North Pennine Walks
Murton Fell via Scordale
Date: 3rd October 2015
Distance: 10.4 miles
Ascent: 1950 feet
Time: 5 hours 30 minutes
Start Grid Ref: NY729219
A walk exploring the southern half of Murton Fell including the valley of Scordale and Mell Fell before returning via Murton Pike.
Route Summary: Murton - Hilton - Hilton Beck - Scordale - Mason Holes - Mell Fell - North Edge - Murton Fell - Murton Pike - Murton
Photos: Click on the photos below to enlarge.
Walk Detail: Ever since descending Scordale on my way back down from Little Fell in May 2014 I'd wanted to go back and take another look at the mine ravaged valley, hopefully in better conditions. Unfortunately it lies within the Warcop Range so I'd had to bide my time until a convenient access date. On this occasion I planned to use Scordale as a route on to Murton Fell, a summit I hadn't been back to since I first climbed it in 2007.
Upon arrival in Murton we were just on the cusp of a patch of valley fog and we could see bright blue sky over Murton Pike. However, as we walked down the lane towards Hilton the fog rolled in towards the hills and within minutes the sun had become obscured and visibility dropped to about ten metres.
The result was that we walked up Scordale and saw virtually nothing of it. As we began climbing out of the valley I was pessimistically beginning to wonder if we would see anything at all on the walk when suddenly patches of blue sky above heralded our ascent out of the low cloud. It only lasted a short while but for the next twenty minutes or so we were treated to some stunning views across the valley shrouded in cloud below us.
Climbing a bit higher up we reached High Shop, the ruins of a building that once provided accommodation to miners high up on the flanks of the fell. At this point the cloud rolled back in over the top of us and for the next couple of miles visibility was once again restricted.
Forsaking the more direct route from High Shop on to the upper slopes of Murton Fell we instead did a loop around Mell Fell as I wanted to go in search of the numerous small tarns and pools marked on the map. Apart from one nice reedy tarn this search was largely unsuccessful as many of the pools had dried up or were nothing more than small shake holes.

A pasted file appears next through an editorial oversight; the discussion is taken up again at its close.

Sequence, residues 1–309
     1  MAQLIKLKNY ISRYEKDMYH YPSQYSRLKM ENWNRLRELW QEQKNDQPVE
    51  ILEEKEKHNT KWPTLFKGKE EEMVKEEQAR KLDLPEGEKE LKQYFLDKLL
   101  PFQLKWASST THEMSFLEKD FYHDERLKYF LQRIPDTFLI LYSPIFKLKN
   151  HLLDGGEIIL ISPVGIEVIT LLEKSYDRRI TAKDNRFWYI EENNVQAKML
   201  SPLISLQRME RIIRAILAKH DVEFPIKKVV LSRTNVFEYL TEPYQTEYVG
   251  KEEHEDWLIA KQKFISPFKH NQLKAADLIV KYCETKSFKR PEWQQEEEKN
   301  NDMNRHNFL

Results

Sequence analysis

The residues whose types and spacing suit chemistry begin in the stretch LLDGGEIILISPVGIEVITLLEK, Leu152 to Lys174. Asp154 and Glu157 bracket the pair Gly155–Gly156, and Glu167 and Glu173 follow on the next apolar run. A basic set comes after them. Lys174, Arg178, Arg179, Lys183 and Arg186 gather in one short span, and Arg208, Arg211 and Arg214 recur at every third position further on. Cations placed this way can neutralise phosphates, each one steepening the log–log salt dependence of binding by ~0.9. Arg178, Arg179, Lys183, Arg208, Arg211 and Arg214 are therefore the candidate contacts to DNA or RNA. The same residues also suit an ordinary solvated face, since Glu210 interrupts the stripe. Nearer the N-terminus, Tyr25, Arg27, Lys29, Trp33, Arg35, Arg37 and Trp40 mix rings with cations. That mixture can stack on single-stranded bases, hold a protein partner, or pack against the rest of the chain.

After an awkward climb over a wall we once again emerged out of the cloud when we reached a rash of stones and a nice currick on North Edge. The contrast in conditions couldn't have been greater and it was here that we realised that almost the entire Eden Valley was shrouded in cloud due to a temperature inversion. Also remarkable was how warm the sun was, I struggle to think of any other occasions that I've been out walking the hills in October in a t-shirt.
From North Edge we climbed gradually to another couple of curricks before crossing a particularly peaty area to reach an attractive shallow tarn littered with rocks. From the tarn it was then a short walk up to the small cairn marking the summit of the fell. Here we sat down to enjoy our lunch and a spectacular view across the cloud covered Eden Valley to the top of Helvellyn.
After lunch we set off for our next objective - Murton Pike. Upon reaching some stone shelters and having only dropped about sixty metres in height we once again entered the bank of cloud. It was so thick that we couldn't see Murton Pike until we were virtually on it. Miraculously, just as we neared the top of the steep pull to the summit, we once again emerged out of the cloud to find the summit of Murton Pike standing almost island like in a sea of cloud - a really special moment.
After taking a number of pictures we then descended back into the cloud for a straightforward walk back to Murton. It became increasingly gloomy the further we lost height and it was remarkable to think how warm and sunny it was higher up in comparison. All in all we'd probably had limited visibility for almost 80% of the walk and yet the other 20% more than made up for it. I can always go back and explore Scordale again but I'm not going to experience a temperature inversion like that too many times.